DictGate is a platform for the exchange of lexicographic tools, data and documentation. It is part of the Austrian CLARIN and DARIAH activities and aims at the build-up of a sustainable digital infrastructure for digitally working lexicographers.
DictGate hosts a wide range of lexicographic data. Among others, we are working on a morphological database of contemporary German which is designed as an open lexicographical hub serving not only linguistic data on words, but also information gleaned from digitally available corpora.
DictGate aims at the propagation of freely accessible lexicographic resources. One of our particular interests are Near Eastern languages. Currently, DictGate provides access to some smaller dictionaries of vernacular Arabic. Among several other varieties, we collect data on the varieties of Cairo, Tunis, Rabat and Damascus. Most of this data were created as part of the VICAV project which is being conducted in cooperation with the Department of Oriental Studies of the University of Vienna.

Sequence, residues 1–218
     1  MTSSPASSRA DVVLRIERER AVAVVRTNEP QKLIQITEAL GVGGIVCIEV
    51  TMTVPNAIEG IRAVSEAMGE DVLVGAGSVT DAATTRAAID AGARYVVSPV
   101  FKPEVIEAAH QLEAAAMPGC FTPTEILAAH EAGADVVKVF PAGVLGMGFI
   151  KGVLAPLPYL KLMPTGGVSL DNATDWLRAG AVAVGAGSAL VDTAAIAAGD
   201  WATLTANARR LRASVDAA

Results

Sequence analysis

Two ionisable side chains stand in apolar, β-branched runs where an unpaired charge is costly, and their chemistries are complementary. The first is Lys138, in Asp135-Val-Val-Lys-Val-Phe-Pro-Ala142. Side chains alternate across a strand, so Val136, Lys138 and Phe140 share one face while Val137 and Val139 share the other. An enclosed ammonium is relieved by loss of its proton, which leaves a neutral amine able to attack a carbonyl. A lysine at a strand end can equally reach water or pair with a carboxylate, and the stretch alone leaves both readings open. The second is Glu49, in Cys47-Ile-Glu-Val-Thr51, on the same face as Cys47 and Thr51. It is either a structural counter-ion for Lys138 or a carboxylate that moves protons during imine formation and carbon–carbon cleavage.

To support the whole lifecyle of digital lexicographical data, a number of tools is required. Technically, DictGate is an instance of the corpus_shell framework which builds on the FCS/SRU protocol endorsed by the CLARIN-ERIC for federated content search and can be used as a RESTful web service.
Most of the data published so far has been produced making use of the Viennese Lexicographic Editor, a free tool which has been developed at the ACDH over the past few years. The editor which basically supports any XML format is freely available.
One of our primary concerns is the application of digital standards and de-facto standards to our language resources. One focus has been the interoperability of lexicographic resources. In a number of cases we have been working on specialised schemata based on the TEI (P5) dictionary module, which has been our main means of encoding for lexicographic data. In all these endeavours we have aimed at a high degree of interoperability with the ISO standard LMF (Lexical Markup Framework). In projects aiming at cross-dictionary access we have also started to work with semantic technologies such as RDF and SKOS.